A workshop on the formulation of a Catchment Management Strategy for the Water Resources Management Authority which shall be gazetted in ~May 2007.
The second workshop on this matter I’ve been attending, and this time it included some brainstorming on the sub-catchment management strategy. A workshop with lots of interesting discussions, some good ownership through the HQs, and a workshop which really produced some output. Something that shall regulate the water resources by establishing an effective mechanism and in the end really have an impact on water resource management problems. Something that the People of Kenya can actually benefit from.
Things you do after the workshop: folding some flipchart paper into baskets so that people own up the rubbish they’ve produced during those 3 days…
A workshop that drained my brain of any blogging attempts in the past few days and left me wondering about the following observations instead:
1. These traffic police officers at your favourite road block – does the GoK provide them with batteries that power their torches during the nights?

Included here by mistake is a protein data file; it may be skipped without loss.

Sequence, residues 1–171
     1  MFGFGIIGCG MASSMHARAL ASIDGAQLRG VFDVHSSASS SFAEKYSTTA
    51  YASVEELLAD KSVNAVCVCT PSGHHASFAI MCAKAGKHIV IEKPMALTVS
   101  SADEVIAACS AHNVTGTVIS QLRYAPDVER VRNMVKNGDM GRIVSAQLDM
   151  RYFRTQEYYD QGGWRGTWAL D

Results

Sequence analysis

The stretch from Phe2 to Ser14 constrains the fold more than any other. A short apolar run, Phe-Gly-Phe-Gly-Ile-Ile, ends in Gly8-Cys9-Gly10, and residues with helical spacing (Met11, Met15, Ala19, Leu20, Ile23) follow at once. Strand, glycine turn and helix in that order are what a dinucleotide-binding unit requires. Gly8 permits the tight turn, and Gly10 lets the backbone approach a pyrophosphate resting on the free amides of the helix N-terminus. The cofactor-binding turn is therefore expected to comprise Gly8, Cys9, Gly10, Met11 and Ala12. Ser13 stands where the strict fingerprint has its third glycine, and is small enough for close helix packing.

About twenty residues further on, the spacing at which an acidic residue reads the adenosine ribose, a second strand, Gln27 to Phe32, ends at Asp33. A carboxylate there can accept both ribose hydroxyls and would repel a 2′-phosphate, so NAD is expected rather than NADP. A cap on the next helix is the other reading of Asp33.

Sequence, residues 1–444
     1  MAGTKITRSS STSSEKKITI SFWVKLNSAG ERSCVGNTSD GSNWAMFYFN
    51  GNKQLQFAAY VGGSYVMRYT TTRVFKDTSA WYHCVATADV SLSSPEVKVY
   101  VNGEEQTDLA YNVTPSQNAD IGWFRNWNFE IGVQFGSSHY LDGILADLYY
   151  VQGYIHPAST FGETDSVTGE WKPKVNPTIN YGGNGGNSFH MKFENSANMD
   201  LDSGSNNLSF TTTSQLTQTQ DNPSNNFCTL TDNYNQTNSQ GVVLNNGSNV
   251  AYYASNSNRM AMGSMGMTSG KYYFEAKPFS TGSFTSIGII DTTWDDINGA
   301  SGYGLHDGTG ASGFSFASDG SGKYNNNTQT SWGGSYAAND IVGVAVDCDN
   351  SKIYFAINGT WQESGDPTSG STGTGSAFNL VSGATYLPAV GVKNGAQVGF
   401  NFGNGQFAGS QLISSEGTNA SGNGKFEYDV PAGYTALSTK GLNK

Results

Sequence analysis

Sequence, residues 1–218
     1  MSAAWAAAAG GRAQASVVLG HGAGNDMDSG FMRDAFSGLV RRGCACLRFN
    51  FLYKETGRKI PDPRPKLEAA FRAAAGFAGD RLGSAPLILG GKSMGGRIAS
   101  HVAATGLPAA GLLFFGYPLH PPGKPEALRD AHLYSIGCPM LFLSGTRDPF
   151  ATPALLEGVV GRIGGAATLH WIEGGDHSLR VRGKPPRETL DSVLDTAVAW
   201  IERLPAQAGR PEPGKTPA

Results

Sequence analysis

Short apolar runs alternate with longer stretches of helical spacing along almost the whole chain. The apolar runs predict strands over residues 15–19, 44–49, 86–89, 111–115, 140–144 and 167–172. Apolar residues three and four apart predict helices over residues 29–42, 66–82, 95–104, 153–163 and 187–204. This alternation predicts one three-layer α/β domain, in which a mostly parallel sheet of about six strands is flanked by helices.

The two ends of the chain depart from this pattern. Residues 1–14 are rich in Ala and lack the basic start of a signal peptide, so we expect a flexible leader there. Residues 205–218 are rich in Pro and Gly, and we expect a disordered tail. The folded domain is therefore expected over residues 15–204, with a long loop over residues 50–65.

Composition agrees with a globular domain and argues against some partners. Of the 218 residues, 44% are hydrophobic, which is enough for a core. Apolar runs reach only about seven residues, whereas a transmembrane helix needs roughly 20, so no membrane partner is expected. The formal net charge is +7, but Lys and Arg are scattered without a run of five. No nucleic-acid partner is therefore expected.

(Kwasababu: ~makes me think the first minibus / lorry stopped has to “add value” to these people in public service.)
2. Important people in Kenya have a very…parrrrticulaaaar way of getting their messages across. The most notable rhetoric instruments of course are the implementation of pauses as well as something I call “left out words”.
speaker: “So….this is whereby we are looking FOOOOHHA (for)………..??
Judging from the way these people speak, one can instantly assume where they normally spent their sunday mornings.
3. Toooooooothpicks! The toothpick alone deserves it’s own post. There’s NO meal in Kenya without toothpicks. No nyama choma feast without a package of toothpicks.
Ok, sure, some vegetaboool eaters are players and chewing on a toothpick all day long to maybe pretend a higher meat consumption or can’t afford any chewing gums. In fact, the other day I saw a smoker lighting his cigarette and the next thing he did with the half burned match was to stick it in his mouth.
So, next time you’re @ Java House – look out for any toothpicks on the taboool. Are there any? JH isn’t yet kawaida …
4. I pity those office folks – especially those in their red number plated cars – who have to sit in meetings and workshops most of the time. Those who hardly ever get out of their office world and sometimes even lose any sense for the wananchi out there. Workshops are exhausting. I am tired. Haiiiaaaaa……
5. Life is beautiful. @Everyone: have a nice weekend!